To make it, I used the crust recipe I have been using for a few years now. I usually make it without the addition of the tiny amount of Parmesan as I tend to put generous amounts of cheese on top. It’s really fast to make, and it uses tapioca flour and coconut flour, so it’s grain free. The crust ends up being nice and thin–I roll it out between two sheets of parchment paper. It is delicate, and I leave it on the lower piece of parchment paper for baking. But if you are light on the sauce, the crust stays crisp enough that you can eat the pizza by hand.
This one was fantastic, of course, and let me have leftover pizza for breakfast. I highly recommend this crust to anyone looking for a yeast-free, gluten-free option to make at home.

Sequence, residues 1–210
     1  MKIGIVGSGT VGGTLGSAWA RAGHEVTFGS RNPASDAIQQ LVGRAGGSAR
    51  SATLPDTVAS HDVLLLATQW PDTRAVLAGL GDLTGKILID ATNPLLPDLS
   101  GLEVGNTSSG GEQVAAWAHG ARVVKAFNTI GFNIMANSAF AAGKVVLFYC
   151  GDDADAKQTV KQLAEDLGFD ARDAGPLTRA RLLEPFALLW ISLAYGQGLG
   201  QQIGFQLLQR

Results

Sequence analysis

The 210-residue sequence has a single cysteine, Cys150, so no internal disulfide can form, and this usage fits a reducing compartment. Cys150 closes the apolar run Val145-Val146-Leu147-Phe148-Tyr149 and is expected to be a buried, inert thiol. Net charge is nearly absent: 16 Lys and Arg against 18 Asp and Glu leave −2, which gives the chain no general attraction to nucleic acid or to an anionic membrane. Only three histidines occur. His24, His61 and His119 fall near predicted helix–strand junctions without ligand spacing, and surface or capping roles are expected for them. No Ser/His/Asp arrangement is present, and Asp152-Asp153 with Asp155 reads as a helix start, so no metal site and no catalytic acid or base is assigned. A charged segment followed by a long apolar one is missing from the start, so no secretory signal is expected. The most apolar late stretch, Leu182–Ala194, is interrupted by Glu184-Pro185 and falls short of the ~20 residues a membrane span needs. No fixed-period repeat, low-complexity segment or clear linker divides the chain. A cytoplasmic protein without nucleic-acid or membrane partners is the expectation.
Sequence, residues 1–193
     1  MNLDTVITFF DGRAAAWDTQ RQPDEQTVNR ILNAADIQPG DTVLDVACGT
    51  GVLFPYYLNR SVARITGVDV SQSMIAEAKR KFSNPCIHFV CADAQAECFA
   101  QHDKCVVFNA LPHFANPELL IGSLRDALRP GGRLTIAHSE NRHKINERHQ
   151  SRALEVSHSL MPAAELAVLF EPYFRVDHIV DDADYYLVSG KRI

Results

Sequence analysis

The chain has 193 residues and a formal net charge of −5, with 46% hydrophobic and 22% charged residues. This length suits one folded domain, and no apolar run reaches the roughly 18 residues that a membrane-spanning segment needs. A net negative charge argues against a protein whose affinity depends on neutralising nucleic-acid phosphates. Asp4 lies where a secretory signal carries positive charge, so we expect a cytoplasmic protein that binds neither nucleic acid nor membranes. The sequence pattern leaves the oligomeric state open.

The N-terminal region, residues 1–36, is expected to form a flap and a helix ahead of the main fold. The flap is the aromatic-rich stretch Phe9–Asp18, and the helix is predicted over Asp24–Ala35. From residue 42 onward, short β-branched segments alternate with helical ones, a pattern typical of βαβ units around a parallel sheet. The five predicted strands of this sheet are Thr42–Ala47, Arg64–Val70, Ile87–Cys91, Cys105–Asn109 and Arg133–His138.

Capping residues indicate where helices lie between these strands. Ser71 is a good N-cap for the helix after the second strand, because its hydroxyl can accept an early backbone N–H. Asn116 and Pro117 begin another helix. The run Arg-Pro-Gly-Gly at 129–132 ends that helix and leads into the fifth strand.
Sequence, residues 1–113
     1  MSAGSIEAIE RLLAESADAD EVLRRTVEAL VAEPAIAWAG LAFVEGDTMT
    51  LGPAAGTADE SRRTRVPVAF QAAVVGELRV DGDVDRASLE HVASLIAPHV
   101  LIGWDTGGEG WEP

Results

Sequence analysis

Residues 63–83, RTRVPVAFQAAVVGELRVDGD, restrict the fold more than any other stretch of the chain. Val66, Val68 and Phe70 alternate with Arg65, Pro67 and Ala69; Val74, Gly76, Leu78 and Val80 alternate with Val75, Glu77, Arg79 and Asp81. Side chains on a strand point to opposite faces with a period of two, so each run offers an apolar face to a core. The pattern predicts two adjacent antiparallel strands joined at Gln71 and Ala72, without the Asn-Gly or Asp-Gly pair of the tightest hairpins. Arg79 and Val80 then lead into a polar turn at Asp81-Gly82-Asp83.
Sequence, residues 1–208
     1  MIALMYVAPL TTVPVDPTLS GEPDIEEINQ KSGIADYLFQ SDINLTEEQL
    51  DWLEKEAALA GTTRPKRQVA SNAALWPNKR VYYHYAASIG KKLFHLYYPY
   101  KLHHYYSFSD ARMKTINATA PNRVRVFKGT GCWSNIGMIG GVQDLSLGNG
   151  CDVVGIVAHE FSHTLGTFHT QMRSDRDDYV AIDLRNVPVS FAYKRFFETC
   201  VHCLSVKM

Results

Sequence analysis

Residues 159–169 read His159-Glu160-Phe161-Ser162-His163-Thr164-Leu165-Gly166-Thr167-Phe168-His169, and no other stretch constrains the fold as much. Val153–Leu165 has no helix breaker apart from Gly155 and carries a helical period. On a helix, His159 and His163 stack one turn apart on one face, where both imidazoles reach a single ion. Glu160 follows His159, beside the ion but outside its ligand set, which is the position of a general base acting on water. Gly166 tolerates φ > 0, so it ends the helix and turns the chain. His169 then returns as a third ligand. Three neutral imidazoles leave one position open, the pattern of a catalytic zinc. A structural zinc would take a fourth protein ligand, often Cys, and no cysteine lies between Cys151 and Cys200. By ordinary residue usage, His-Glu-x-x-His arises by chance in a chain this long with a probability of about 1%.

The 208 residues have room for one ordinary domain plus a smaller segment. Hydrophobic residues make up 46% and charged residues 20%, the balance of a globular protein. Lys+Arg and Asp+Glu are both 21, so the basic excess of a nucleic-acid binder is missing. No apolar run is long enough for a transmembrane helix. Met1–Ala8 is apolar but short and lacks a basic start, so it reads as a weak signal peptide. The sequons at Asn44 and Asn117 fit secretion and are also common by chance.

I had an amazing meal today. My goal was to finish up the last bit of kimchi in the fridge.
I sliced up some onions and fried them in a pan until they were soft. Then I added the kimchi and a little bit of water that I used to get out all of the deliciousness in the kimchi container.
I let the kimchi topping simmer while I fried up some hashbrowns in another pan and melted some butter for eggs in yet another pan. I also grated some sharp cheddar and chopped up some green onions.
When the hashbrowns were getting golden, I cracked two eggs into the pan with butter and quickly fried them sunny-side up, keeping the yolks runny. When they were ready, I put down the hashbrowns in a layer, topped them with a generous layer of the kimchi and onions, added a layer of cheese, slid on the eggs and then scattered green onions on top.
The result was fantastic. Very savoury and filling, but special enough that it would make a lovely brunch dish. It was a three-pan meal, but it was definitely worth all the dishes.